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asparagus, why not grow your own?

asparagus is one of  our oldest perennial vegetables. The generic word is derived from the Greek asparagos, meaning to tear, which relates to the prickly nature of some stalks as they mature.

asparagus, as one of today's highly prized gourmet vegetables, is relatively expensive because it takes at least three years from seed until it comes into production; it requires considerable commercial growing area; and it has a limited production season.

If you really enjoy this unique vegetable, why not grow your own?

asparagus is hardy from Zones 1-4, meaning it will tolerate temperatures as cold as Minus-40 C.
To keep the cost down, commercial growers usually start asparagus from seed, but most home gardeners start it from two-year-old roots. - However, by planting four-year-old roots (you can find these jumbo-sized plants in some nurseries), you will save at least a year in harvesting time.

Once planted, asparagus roots are productive for at least 15 years.
'Mary Washington' has traditionally been the favourite variety, but newer hybrid all-male varieties like 'Jersey Knight' produce larger crops of big, attractive green spears with purple bracts and tight purple tips.
To grow asparagus, you need a really sunny location with well-drained, slightly alkaline soil. It is very important to make certain the asparagus roots go straight down, and because of this, the traditional method of planting involves trenches.
Furrows or trenches should be dug about 12 inches wide and 30 to 45 centimetres deep, depending on the length of the roots. Rows should be 1.2 metres apart. The bottom of the trench should be filled with six to seven cm of well composted manures. Mix the manure up well with the existing soil, then add a four or five cm of just soil on top.

Create a mound of soil in the centre of the trench, leaving the crest about six to seven cm below the level of the garden soil. At this point, the asparagus roots can be planted. To speed up the rooting process, I always dip them in a mixture of warm water, root starter fertilizer and mud. This muddy concoction sticks to the roots and immediately begins to stimulate root development.

Lay the roots on top of the mound of soil in the trench, spreading the roots evenly on both sides of this small berm. Place the plants about 45 centimetres apart and backfill the trench, leaving the crowns or tips of the asparagus just barely covered with soil.Root growth will begin almost immediately.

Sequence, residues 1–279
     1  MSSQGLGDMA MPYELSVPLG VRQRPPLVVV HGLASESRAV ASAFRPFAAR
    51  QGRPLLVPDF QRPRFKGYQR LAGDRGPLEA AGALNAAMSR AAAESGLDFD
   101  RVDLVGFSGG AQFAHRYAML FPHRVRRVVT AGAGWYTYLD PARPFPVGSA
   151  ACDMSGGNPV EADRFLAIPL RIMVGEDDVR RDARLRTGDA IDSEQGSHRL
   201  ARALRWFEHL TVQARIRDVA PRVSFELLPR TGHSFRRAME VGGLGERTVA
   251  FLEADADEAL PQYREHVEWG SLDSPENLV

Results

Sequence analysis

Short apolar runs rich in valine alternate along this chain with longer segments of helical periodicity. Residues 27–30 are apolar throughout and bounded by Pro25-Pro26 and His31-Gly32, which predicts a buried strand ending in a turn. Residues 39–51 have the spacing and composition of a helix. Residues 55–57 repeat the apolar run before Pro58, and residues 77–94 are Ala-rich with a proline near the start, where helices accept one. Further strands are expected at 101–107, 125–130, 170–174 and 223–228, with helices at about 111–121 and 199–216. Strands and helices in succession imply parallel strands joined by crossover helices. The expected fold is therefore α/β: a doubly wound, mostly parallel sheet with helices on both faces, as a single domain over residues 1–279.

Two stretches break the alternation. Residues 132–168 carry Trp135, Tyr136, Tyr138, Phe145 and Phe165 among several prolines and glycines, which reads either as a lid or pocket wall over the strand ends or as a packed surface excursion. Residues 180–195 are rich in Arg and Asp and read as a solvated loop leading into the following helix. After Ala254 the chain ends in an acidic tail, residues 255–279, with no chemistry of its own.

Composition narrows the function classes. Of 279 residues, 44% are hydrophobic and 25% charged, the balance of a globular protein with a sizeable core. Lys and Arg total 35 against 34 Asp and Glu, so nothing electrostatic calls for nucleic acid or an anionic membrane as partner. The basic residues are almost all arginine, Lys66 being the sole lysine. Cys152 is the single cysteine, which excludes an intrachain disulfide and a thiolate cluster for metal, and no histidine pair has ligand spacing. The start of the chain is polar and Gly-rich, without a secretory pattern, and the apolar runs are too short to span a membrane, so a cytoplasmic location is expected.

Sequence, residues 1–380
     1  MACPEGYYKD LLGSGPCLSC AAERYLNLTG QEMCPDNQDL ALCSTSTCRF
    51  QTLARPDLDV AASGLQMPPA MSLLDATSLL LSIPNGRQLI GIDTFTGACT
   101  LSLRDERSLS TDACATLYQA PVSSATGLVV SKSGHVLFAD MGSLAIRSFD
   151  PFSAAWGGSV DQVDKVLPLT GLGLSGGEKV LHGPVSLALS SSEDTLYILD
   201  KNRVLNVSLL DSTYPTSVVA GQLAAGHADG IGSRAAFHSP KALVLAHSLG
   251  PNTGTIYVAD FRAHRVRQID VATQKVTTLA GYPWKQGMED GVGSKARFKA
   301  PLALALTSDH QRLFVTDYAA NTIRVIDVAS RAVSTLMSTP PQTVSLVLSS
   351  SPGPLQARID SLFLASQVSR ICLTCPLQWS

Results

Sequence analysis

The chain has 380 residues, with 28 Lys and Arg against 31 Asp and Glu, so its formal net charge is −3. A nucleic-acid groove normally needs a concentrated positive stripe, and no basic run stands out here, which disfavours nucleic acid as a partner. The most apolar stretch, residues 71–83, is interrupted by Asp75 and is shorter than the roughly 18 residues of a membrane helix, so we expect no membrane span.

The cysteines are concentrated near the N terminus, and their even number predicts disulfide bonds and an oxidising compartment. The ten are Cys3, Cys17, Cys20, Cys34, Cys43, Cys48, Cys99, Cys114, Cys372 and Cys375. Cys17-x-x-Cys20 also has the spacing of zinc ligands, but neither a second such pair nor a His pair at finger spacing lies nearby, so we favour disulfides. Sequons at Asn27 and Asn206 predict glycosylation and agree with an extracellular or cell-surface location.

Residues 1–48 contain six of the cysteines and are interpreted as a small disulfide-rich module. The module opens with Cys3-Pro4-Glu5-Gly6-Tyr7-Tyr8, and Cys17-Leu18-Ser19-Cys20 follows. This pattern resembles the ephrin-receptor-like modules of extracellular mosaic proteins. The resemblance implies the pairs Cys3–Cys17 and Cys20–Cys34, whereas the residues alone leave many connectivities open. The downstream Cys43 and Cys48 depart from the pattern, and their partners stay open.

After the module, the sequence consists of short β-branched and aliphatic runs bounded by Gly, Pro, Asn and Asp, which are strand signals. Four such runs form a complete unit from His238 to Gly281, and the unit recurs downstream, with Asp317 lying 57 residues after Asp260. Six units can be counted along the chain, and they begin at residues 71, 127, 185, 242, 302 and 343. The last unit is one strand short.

Weeds can be a problem in new asparagus beds because well established roots will intermingle with the asparagus roots.
Keep your asparagus beds weed-free by hand cultivation, but remember to practice shallow cultivation for fear of injuring the roots.

During the summer, asparagus needs deep watering to keep the roots active and growing. Soaker hoses are the best means of watering these beds.
During dry spells, water thoroughly at least once a week.
As the asparagus plumes begin to develop, feed the plants with a high nitrogen fertilizer. I prefer to use a slow release food, like 14-14-14, for more long lasting results. It is important to keep the tops growing to develop both food and strength in the roots.

If you are an organic buff, parsley planted with asparagus gives added vigour to both. Tomatoes planted near asparagus will keep away the asparagus beetle because of a substance in the tomato plant called solanine.
The second year after planting, you can begin harvesting a few spears for a period of four to six weeks.
When the spears are about 17 cm high, cut them at a 45 degree angle about 3,5 cm below the soil line, but be careful for fear of damaging the crowns. At the start of the-harvesting season, you will probably harvest every three days. But as the soil becomes warmer, a daily harvesting can take place.

If any spears get away on you, let them develop into foliage.
Once the spears become very thin, it's a sign the roots are near exhaustion, and it is time to stop cutting.
Let the plumes grow all summer.

In colder parts of B.C., leave them standing to trap snow for better winter protection.
In the Lower Mainland, the plumes should be cut off in September and the roots covered with 10 cm of coarse manure.
It may seem like a fair amount of work the first year, but once established, with a little care, you will enjoy your own fresh asparagus for the next 15 years.

Article courtesy of:
Minter Gardens Minter Gardens

Exit #135 Highway #1, Chilliwack, BC, Canada   V2P 6H7

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DateArticle TitleSource
Mar 2011  Asparagus why not grow your own  Minter Gardens 
Mar 2009  Spice up your Foods with Chives  Minter Gardens 
Feb 2009  Time to plant your own asparagus  Minter Gardens 
Mar 2000  Small Fruits  Minter Gardens 
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